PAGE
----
Oklahoma cannabis users are on pace to spend twice as much this year compared to 2019.
As of June, Oklahomans spent more than $385,000 this year on medical marijuana. That’s nearly the entire amount spent during 12 months last year, according to an analysis of data from the Oklahoma Tax Commission.
Much of that boost came during the early days of the coronavirus pandemic, when collections of the 7% tax on medical marijuana rose dramatically. Sales have leveled off, however, and dipped slightly in June to an estimated $74.8 million.
Oklahoma’s cannabis market attracted the attention of outsiders hoping to cash in on the state’s love of legal marijuana and regulations that are less strict than other states. Peter Barsoom, founder of Colorado-based 1906, recently inked a deal with local businesses to unveil his line of edibles manufactured in pill form.
Barsoom didn’t seek out Oklahoma. Stash House, a distribution company, and 24k Labs reached out to 1906 early this year during a trip to Denver, he said. Barsoom called Oklahoma one of the most exciting markets in the country, partly because of its regulatory structure.
While other states limit the medical conditions that qualify for a medical marijuana recommendation from doctors, Oklahoma has no such restriction. There is no limit on the amount of cannabis a patient can buy. And despite early attempts to ban certain types of product, state law focuses more on ensuring quality and safety for the consumer.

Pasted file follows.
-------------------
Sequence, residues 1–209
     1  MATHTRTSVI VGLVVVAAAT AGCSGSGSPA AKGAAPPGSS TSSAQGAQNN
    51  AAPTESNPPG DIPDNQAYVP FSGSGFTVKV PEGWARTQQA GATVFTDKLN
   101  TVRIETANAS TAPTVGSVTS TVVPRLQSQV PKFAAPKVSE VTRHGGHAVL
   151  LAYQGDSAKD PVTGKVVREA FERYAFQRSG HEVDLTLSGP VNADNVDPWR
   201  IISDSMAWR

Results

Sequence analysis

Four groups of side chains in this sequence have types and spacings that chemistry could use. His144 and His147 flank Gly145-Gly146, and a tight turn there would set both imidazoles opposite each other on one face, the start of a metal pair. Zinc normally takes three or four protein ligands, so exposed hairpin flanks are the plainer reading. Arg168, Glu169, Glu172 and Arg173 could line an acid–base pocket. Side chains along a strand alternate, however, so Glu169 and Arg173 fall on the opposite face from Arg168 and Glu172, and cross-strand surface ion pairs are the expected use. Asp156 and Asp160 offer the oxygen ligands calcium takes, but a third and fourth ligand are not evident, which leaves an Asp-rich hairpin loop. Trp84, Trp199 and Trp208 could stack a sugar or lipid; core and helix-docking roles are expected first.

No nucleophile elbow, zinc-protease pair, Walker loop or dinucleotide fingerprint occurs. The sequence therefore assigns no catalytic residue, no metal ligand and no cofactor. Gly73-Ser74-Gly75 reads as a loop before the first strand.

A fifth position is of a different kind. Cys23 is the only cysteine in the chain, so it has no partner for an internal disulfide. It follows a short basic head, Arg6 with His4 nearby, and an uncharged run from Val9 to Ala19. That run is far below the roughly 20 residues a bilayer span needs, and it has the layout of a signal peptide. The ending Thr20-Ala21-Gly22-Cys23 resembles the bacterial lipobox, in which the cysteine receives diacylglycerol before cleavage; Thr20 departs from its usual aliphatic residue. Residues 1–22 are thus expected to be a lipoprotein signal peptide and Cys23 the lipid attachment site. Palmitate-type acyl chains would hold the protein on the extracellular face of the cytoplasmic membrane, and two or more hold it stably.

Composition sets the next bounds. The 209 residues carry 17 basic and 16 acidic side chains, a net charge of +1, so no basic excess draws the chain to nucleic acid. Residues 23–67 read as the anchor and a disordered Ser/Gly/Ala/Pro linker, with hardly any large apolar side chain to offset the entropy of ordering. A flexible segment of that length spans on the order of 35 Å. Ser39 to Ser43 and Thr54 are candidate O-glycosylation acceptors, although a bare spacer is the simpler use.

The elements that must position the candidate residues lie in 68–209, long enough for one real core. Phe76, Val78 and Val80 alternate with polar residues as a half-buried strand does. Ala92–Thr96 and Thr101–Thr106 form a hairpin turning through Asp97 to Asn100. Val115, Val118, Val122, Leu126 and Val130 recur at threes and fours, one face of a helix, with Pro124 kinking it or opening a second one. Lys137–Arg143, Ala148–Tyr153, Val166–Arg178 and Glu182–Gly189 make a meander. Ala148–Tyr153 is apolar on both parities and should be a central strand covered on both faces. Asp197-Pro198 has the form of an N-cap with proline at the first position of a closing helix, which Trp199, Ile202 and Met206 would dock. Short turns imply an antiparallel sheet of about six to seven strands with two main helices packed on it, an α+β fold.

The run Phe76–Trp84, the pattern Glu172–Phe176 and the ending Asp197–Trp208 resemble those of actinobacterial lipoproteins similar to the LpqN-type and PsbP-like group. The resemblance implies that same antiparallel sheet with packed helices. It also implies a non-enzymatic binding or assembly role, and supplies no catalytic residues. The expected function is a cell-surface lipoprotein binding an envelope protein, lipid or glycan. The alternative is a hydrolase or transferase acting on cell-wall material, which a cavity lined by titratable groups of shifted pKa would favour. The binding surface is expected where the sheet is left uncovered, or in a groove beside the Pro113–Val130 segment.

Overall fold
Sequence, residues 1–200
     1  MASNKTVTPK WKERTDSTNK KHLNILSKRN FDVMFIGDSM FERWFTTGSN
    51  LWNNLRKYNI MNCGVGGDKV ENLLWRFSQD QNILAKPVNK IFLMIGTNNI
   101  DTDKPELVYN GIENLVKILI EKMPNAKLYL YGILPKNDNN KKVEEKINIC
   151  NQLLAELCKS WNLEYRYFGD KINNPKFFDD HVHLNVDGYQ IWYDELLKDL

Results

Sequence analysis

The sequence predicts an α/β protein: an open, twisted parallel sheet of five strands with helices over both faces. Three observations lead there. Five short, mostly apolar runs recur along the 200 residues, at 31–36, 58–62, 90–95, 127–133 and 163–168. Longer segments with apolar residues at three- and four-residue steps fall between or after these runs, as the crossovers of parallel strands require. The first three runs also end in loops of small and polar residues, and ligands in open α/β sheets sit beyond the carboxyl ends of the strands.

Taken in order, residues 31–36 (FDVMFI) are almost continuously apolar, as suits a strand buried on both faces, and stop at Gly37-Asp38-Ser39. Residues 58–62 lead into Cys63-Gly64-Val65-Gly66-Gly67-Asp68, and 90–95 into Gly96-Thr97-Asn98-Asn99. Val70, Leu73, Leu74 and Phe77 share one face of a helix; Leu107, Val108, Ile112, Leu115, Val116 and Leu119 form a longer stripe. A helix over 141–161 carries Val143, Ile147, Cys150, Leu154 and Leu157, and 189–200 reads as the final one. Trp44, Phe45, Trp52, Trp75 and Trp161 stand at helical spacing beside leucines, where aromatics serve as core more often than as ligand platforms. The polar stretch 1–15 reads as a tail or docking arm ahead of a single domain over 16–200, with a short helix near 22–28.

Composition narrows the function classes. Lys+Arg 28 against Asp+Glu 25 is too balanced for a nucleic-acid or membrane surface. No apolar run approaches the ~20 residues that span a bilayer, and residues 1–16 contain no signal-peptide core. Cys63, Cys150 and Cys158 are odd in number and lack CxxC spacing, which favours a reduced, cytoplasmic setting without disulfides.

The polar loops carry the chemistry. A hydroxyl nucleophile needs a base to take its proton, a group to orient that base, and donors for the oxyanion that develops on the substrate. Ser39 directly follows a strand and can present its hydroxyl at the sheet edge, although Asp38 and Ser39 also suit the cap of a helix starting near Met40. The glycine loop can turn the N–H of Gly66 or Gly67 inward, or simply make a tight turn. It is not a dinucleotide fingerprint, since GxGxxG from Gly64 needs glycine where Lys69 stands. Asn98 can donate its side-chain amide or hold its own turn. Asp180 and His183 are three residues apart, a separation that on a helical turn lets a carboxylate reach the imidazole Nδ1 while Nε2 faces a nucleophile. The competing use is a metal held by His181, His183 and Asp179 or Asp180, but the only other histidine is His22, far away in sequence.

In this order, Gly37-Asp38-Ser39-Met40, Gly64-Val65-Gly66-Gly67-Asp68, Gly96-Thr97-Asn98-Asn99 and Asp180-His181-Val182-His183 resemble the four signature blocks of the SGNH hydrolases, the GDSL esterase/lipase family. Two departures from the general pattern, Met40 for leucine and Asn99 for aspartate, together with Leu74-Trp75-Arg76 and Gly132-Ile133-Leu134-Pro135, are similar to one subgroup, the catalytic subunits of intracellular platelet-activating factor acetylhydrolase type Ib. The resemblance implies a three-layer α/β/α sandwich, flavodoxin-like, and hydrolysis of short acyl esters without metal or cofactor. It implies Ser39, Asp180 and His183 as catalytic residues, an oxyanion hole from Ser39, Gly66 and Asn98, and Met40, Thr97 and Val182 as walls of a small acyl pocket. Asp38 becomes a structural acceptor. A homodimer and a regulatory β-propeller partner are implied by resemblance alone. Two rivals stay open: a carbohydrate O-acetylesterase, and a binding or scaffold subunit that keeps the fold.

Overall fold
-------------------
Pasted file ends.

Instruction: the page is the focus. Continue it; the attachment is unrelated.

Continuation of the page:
Lawmakers considered additional loosening of regulations this year, but Gov. Kevin Stitt vetoed a bill that would have allowed home delivery and would have created temporary licenses for patients who live outside Oklahoma. If those temporary licenses are approved in next year’s legislative session, Barsoom expects to see another boom in business.
“It’s a long time before Texas is going to move toward legalization or even opening up cannabis. And there are millions of people within driving distance of Oklahoma that need access and want access to this important plant medicine,” Barsoom said. “Assuming that Oklahoma moves forward on parts of the legislation that were vetoed, I think we’ll see, next year, folks from Texas, from Kansas, from other places, being able to go to Oklahoma, shop in those dispensaries, bring more dollars and more jobs to Oklahoma. And particularly in this post-COVID era where state budgets are getting severely constrained, jobs and particularly in the service industry have taken a massive hit, I think the state is going to benefit significantly from expanding out its medical marijuana program.”